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The Majistra differs in other ways. It uses Isobaric loading of the bass unit to minimise pressure changes in the chamber behind. A second bass unit sits behind the main one, working into a vented rear chamber, with vent (port) sited on the rear panel. It’s quite a lot to squeeze into a small cabinet, but delivers “surprisingly deep and controlled bass” NEAT say, something our measurements confirmed. Such loading raises cabinet and drive unit cost and, with two bass units to drive, lowers impedance and sensitivity. The Majistras need an amplifier with a bit of oomph as a result: think 60+ Watts.
Fitted with a single pair of terminals, bi-wiring is not possible, nor external adjustment of tweeter level.
A large port tuned to 40Hz loads the internal isobaric bass unit.
Initially, I drove the Majistras from our Creek i20 amplifier (100W) believing its easy going sound would be most suitable. Not so. It’s works well with acoustically well damped loudspeakers where, like our Icon Audio Stereo 30 SE, bass is enhanced, but the Majistras have strong bass and need a grippy amplifier like our PrimaLuna EVO300 Hybrid with its 100W MOSFET output stage. Differences were large, the PrimaLuna exerting better bass control.
Acting as a source was our Oppo UDP-205D silver disc player spinning CD and acting as an ES9038Pro equipped DAC to feed hi-res from a MacBook Pro, including DSD, from an Audirvana+ software player. For LP I used our Timestep Evo modified Technics SL-1210 Mkll with SME309 arm and Audio Technica VM750 SH MM cartridge, feeding a Pro-Ject Phono Box RS2.
The Majistras proved a bit Jekyll and Hyde, as expected. For the most part they came across as full bodied with surprisingly powerful deep bass in relation to cabinet size.This was more apparent with LP than the drier balance of CD, where the bass line in Ride Across the River (Brothers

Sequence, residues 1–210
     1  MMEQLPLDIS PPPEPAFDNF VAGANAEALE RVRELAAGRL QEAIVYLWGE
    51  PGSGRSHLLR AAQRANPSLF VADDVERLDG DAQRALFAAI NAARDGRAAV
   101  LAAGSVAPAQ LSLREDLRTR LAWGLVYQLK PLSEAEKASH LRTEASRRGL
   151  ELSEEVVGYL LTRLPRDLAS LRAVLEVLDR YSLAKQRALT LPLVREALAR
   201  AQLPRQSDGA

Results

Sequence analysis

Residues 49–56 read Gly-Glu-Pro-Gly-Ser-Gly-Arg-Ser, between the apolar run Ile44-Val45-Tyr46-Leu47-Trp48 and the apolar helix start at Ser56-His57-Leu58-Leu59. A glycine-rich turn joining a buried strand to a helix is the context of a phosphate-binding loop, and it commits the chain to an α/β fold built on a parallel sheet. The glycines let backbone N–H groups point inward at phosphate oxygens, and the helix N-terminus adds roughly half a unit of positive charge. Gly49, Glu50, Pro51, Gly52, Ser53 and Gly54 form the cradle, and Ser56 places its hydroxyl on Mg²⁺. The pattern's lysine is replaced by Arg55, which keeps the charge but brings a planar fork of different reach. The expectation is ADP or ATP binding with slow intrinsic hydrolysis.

NEAT’s diagram of the Majistra, showing the principle of isobaric loading where a rear bass unit unloads the front unit. The rear unit itself is loaded by a reflex chamber. It’s a complex cabinet.
In Arms, Mobile Fidelity 45rpm re-master) was large and muscular making it very apparent in the mix. Lows were very low, sending rumbling sounds out at me.
As this track faded and The Man’s Too Strong got into its stride Mark Knopfler’s aggressive chord strikes flew at my ears in supercharged fashion. Meanwhile his vocals and all else were smoothly and evenly presented. It was only at specific moments when the music deviated from ’normal’ that the Majistras suddenly jumped at me, both at the bass end and up top. In this sense they are dramatic that’s for sure, but I had reservations about such emphasis, where the balance I know suddenly became very different.
Spinning Alison Goldfrapp’s Supernature LP massive lows came from the synthesiser and suitably breathy vocals from the lady, laced with sibilance from lines like “switch me on, turn me up” (Ooh La La) where ’s’ and ’t’ shot out like needles. At times like this, the extreme treble of the tweeter was very apparent. Otherwise the album came over well enough, sounding big bodied and powerful.
“Spinning Alison Goldfrapp’s Supernature LP massive lows came from the synthesiser”